This article presents the Louisiana Hepatitis C Elimination Program’s evaluation protocol underway at the Louisiana State University Health Sciences Center–New Orleans. With the availability of direct-acting antiviral (DAA) agents, the elimination of Hepatitis C (HCV) has become a possibility. The HCV Elimination Program was initiated by the Louisiana Department of Health (LDH) Office of Public Health (OPH), LDH Bureau of Health Services Financing (Medicaid), and the Louisiana Department of Public Safety and Corrections (DPSC) to provide HCV treatment through an innovative pricing arrangement with Asegua Therapeutics, whereby a fixed cost is set for a supply of treatment over five years.
Materials and methods
A cross-sectional study design will be used. Data will be gathered from two sources: 1) an online survey administered via REDCap to a sample of Medicaid members who are receiving HCV treatment, and 2) a de-identified data set that includes both Medicaid claims data and OPH surveillance data procured via a Data Use Agreement between LSUHSC-NO and Louisiana Medicaid.
Citation: Afaneh H, Straif-Bourgeois S, Oral E, Wennerstrom A, Sugarman O, Robinson WT, et al. (2021) Louisiana Medicaid access for treatment and care for hepatitis C virus (LA-MATCH) project: A cross-sectional study protocol. PLoS ONE 16(10): e0257437. https://doi.org/10.1371/journal.pone.0257437
Editor: Kimberly Page, University of New Mexico Health Sciences Center, UNITED STATES
Received: April 30, 2021; Accepted: August 31, 2021; Published: October 6, 2021
Copyright: © 2021 Afaneh et al. This is an open access article distributed under the terms of the Creative Commons Attribution License, which permits unrestricted use, distribution, and reproduction in any medium, provided the original author and source are credited.
Funding: This study was funded by the Louisiana Department of Health CHVE-0037.1. The author who received the award is ET. The role of the funder is to provide us with the Medicaid and OPH datasets for analysis. The URL of the funder site is: ldh.la.gov.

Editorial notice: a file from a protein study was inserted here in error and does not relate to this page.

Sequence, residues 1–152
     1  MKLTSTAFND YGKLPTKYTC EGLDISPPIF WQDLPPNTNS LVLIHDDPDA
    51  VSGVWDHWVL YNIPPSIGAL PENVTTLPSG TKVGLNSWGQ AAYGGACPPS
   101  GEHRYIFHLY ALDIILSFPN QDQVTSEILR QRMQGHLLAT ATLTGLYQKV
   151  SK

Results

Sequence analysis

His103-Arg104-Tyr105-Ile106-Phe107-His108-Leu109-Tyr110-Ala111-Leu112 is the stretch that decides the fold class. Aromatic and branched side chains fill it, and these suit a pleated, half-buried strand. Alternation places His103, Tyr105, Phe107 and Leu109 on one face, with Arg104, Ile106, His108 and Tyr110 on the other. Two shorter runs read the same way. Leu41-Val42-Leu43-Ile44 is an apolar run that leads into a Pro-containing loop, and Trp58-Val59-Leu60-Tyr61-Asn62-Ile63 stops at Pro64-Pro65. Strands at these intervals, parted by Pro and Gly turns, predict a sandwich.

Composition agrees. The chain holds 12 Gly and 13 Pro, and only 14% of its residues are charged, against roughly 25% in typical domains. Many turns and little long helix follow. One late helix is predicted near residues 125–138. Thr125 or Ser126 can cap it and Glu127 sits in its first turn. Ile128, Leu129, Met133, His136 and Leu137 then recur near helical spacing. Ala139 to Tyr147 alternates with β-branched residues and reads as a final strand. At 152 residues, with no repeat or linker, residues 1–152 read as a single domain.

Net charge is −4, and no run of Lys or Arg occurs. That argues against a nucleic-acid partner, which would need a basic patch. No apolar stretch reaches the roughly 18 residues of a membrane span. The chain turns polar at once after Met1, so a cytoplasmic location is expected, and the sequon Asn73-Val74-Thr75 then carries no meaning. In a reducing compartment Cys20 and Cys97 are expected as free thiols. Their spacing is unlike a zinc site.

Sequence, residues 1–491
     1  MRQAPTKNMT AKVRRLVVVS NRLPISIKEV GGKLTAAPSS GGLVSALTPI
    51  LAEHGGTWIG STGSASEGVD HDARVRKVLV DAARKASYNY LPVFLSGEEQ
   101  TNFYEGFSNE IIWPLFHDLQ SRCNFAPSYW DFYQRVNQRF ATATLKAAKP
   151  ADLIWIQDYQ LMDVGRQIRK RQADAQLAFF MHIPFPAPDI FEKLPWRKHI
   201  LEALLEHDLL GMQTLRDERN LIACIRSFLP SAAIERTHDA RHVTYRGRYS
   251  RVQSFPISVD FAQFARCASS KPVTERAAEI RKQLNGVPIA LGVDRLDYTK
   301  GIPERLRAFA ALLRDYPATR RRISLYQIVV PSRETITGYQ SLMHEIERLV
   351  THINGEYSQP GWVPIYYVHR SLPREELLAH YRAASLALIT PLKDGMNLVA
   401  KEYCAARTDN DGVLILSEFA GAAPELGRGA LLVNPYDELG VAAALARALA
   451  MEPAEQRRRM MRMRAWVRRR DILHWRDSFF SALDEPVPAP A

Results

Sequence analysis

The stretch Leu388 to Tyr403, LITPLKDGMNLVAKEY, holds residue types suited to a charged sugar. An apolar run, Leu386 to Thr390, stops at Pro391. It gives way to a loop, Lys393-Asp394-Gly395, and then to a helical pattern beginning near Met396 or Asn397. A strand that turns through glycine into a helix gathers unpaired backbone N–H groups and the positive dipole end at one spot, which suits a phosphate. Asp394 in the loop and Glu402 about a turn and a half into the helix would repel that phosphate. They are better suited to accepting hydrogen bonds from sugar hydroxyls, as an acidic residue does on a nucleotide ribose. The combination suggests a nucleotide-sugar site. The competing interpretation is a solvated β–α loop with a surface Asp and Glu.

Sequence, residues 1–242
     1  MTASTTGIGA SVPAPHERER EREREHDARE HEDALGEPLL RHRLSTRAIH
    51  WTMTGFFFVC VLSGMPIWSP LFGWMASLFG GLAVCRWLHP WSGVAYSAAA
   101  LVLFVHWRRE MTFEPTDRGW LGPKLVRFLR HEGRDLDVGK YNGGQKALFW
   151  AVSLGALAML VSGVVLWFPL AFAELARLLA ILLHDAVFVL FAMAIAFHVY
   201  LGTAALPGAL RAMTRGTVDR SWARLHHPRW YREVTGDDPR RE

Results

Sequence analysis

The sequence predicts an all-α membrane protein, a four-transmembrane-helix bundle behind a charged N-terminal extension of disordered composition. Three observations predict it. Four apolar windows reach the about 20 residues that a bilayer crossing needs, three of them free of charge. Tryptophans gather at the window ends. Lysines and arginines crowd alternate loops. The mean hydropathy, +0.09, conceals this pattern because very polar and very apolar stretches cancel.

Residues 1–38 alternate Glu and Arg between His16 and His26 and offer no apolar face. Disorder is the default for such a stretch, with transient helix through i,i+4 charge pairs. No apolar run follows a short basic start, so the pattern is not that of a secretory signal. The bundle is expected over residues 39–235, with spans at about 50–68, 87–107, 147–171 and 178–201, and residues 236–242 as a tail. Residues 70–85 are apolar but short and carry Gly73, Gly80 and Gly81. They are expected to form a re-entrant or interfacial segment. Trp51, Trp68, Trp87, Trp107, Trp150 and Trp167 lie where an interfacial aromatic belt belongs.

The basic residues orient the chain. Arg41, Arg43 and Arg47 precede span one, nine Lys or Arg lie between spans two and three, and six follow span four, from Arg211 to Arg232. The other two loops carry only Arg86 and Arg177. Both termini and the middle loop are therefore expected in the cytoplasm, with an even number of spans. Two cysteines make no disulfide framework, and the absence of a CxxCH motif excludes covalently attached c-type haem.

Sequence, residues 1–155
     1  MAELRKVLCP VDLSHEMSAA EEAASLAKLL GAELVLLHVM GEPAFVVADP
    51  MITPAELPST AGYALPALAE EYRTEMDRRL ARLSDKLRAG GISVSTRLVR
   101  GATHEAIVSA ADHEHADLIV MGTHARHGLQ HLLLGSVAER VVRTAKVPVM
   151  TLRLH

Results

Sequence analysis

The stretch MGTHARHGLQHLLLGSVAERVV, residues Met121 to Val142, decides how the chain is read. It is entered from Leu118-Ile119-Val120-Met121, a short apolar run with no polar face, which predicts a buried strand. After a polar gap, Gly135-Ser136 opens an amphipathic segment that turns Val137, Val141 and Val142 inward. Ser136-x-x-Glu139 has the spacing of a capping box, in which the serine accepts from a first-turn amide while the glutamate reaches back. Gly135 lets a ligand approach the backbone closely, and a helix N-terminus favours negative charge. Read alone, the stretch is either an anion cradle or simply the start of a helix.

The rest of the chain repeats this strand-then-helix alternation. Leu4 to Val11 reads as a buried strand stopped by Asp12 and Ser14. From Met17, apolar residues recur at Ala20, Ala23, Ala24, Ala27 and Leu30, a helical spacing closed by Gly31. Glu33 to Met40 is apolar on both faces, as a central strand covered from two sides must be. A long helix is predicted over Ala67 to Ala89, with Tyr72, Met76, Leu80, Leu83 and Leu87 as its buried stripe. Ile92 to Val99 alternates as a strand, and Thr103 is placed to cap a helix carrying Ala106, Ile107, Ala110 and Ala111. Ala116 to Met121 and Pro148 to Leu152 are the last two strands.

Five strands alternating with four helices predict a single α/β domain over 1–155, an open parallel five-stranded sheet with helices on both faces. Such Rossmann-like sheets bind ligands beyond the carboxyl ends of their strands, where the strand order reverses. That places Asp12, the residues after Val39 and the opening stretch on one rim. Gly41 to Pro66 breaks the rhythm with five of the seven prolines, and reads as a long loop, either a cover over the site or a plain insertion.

Competing interests: The authors have declared that no competing interests exist.
About 75%–85% of people infected with Hepatitis C virus (HCV) will become chronically infected, resulting in long-term health issues, such as liver cancer, or even, death [1,2]. The Louisiana Department of Health (LDH) estimates that about 50,000 Louisiana residents live with chronic HCV infection . Data from 2013–2016 indicate that the infection rate for HCV in Louisiana is 1,420 per 100,000, which is higher than the national rate at 926 per 100,000 . Furthermore, due to the high cost of the twelve-week HCV treatment regimen, less than 3% of persons infected with HCV and enrolled in Medicaid received treatment in 2017 . With twenty percent of those diagnosed with HCV living in poverty and a median household income of under $45,374 , the cost of the therapy regimen is a barrier to receiving treatment.
The HCV Elimination Program (Program) was initiated by the Louisiana Department of Health (LDH) Office of Public Health (OPH), LDH Bureau of Health Services Financing (Medicaid), and the Louisiana Department of Public Safety and Corrections (DPSC) in June 2019 . The goal is to provide HCV treatment [6,7] to all Louisiana Medicaid members and people in DPSC custody who are living with HCV. The Program uses an innovative pricing arrangement, referred to as the “subscription model" [8–10]. For HCV treatment, LDH and a pharmaceutical company have negotiated a five-year agreement, whereby Medicaid and the DOC can pay for a certain number of the treatment regimen with sofosbuvir/velpatasvir (Sofvel/Epclusa) for no more than a fixed cost [10–12]. In turn, the treatment is offered to the Medicaid and DPSC populations living with HCV at no cost. Sofosbuvir/velpatasvir is a direct-acting antiviral (DAA) agent in a single tablet prescribed once per day over 12 weeks; it has been deemed a safe and effective treatment for HCV and achieves almost 95% sustained virologic response (SVR) [11,12].
The Program’s goals are to cure current chronic HCV infections and prevent potentially serious health problems and deaths, with longer term aspiration to significantly reduce or eliminate ongoing transmission of HCV among Louisiana residents . The goal of our evaluation, the Louisiana Medicaid Access Treatment and Care for HCV (LA-MATCH) Project, is to better understand the scope of reach, impact, and uptake of curative HCV treatment among Medicaid members before and after the Medicaid contract and public health activities were in place.